The trade pact between the European Union (EU) and the six countries that make up the Southern African Development Community (SADC) has become effective four months after it was ratified. 

After more than a decade of talks, the Economic Partnership Agreement (EPA) was signed in June, giving Botswana, Lesotho, Mozambique, Namibia and Swaziland duty-free access to the EU. The Agreement took effect from 10 October.

For South Africa, the sixth country in the SADC, its products will see improved preferential treatment over and above what is already covered by the existing bilateral EU-South Africa Trade and Development Cooperation Agreement into the EU market. In particular, the agreement increases the flexibility of Southern African producers to put together products from components from various countries, without the risk of losing their free access to the EU market.

In an update last week, the EU said Mozambique is in the process of ratifying the EPA and will start applying the EPA once procedures are completed. While Angola did not sign the agreement it was part of the negotiations and may join the group in the future.

The EPA is a development-oriented free trade agreement that takes into account the different levels of development of each partner nation. It is the first of its kind between the EU and an African region pursuing economic integration, and replaces the trade provisions of the existing bilateral Trade, Development and Cooperation Agreement between South Africa and the EU.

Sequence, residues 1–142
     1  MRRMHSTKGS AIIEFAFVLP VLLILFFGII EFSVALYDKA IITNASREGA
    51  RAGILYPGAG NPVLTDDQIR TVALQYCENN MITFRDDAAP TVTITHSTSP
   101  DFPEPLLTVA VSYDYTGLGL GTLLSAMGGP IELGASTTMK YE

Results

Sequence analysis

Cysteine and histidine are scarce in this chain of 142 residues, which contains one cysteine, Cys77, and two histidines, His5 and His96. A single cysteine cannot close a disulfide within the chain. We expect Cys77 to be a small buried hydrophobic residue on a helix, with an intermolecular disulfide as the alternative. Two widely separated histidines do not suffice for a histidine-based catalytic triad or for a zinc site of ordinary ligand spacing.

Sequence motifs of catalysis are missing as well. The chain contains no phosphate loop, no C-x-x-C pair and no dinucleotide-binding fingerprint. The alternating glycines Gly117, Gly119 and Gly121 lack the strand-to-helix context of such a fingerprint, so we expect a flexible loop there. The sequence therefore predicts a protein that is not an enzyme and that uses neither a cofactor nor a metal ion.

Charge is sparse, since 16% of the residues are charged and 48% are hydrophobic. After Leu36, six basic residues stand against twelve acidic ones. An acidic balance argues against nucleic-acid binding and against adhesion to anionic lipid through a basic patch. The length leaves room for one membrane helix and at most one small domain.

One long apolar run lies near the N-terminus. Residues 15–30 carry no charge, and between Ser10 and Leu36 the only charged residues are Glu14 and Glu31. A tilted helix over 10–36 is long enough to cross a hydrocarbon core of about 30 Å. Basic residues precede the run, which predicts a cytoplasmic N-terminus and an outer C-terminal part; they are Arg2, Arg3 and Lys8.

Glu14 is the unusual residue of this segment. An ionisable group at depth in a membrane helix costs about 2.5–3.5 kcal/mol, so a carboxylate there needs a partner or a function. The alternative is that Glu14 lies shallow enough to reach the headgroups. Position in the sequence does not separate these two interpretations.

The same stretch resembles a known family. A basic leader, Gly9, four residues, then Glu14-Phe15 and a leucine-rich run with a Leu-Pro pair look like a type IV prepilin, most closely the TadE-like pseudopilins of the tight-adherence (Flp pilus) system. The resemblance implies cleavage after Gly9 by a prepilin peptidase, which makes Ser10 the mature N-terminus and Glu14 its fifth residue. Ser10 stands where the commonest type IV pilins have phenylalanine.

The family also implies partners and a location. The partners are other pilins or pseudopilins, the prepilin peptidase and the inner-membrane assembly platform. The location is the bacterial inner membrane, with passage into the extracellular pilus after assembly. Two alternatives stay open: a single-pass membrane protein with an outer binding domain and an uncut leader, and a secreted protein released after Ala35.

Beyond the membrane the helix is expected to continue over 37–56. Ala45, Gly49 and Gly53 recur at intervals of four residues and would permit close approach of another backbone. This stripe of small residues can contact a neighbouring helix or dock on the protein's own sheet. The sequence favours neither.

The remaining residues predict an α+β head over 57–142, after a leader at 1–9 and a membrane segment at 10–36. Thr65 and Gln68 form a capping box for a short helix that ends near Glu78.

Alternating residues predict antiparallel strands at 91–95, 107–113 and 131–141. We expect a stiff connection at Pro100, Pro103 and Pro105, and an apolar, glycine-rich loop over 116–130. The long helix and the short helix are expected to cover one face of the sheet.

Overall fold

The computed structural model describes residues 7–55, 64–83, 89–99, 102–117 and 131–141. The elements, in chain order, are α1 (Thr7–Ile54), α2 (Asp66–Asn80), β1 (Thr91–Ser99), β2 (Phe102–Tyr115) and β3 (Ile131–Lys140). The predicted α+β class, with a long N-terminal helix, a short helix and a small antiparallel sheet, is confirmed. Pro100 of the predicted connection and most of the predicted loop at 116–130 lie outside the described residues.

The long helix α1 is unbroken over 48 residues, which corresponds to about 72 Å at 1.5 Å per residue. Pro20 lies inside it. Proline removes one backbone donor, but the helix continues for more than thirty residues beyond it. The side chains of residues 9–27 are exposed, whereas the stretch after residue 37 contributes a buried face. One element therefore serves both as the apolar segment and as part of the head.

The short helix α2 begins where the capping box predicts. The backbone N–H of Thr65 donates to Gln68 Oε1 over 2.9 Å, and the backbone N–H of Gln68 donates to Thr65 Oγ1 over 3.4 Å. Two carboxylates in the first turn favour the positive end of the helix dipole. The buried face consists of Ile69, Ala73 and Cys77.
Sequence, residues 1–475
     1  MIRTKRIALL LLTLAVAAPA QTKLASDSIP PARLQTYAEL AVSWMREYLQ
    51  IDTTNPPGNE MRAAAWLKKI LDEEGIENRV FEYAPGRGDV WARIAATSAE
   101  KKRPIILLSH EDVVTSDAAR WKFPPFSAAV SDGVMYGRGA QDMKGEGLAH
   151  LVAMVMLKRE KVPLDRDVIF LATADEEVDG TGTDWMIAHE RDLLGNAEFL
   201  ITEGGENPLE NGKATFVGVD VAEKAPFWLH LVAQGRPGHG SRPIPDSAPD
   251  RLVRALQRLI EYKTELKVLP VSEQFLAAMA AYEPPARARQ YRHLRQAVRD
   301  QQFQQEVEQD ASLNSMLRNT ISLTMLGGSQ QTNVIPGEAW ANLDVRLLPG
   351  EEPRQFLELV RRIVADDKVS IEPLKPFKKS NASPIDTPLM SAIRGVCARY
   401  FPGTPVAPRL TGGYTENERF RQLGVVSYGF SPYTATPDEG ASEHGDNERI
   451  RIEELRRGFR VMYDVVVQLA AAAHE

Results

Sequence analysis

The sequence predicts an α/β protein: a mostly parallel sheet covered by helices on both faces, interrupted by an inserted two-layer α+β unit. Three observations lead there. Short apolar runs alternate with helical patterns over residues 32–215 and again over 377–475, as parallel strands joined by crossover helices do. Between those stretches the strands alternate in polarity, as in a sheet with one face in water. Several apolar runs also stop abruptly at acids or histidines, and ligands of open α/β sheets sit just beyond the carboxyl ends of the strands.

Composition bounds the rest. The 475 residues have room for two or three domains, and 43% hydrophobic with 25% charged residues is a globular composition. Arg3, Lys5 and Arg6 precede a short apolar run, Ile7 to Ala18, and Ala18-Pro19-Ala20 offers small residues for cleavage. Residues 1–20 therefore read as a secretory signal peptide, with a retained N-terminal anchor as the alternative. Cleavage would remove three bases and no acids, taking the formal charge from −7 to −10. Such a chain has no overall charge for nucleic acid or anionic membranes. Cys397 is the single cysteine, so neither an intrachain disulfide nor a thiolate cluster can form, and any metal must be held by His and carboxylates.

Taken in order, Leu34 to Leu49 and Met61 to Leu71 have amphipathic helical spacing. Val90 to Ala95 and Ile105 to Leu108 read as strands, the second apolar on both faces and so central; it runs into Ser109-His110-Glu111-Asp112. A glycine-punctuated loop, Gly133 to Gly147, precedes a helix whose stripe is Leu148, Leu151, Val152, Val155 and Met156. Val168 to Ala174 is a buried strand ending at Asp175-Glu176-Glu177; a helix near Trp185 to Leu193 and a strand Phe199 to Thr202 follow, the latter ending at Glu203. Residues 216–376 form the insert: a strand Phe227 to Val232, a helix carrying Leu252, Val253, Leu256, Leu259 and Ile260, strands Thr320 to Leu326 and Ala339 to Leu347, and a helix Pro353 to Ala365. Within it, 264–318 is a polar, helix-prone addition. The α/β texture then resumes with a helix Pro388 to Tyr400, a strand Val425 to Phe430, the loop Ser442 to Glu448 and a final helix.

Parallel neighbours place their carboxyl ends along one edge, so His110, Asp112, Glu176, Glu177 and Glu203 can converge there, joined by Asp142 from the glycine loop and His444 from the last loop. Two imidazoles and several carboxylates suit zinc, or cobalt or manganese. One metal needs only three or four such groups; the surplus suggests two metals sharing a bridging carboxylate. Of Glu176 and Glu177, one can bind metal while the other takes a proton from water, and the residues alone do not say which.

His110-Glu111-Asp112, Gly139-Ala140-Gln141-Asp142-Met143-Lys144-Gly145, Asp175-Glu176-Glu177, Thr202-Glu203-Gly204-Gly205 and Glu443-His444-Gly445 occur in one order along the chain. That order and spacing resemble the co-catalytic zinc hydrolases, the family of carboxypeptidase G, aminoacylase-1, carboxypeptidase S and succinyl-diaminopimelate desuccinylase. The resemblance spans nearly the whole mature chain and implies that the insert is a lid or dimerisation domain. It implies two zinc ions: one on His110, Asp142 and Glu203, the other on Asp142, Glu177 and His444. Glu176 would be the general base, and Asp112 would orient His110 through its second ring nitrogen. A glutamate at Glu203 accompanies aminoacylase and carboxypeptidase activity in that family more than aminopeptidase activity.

By signing the EPA, participants commit themselves to act towards sustainable development and to uphold social and environmental standards. The agreement also establishes a consultation procedure for environmental or labour issues and defines a comprehensive list of areas in which the partners will cooperate to foster sustainable development.

The pact also paves the way for other regional agreements to be signed with West Africa and the East African Community.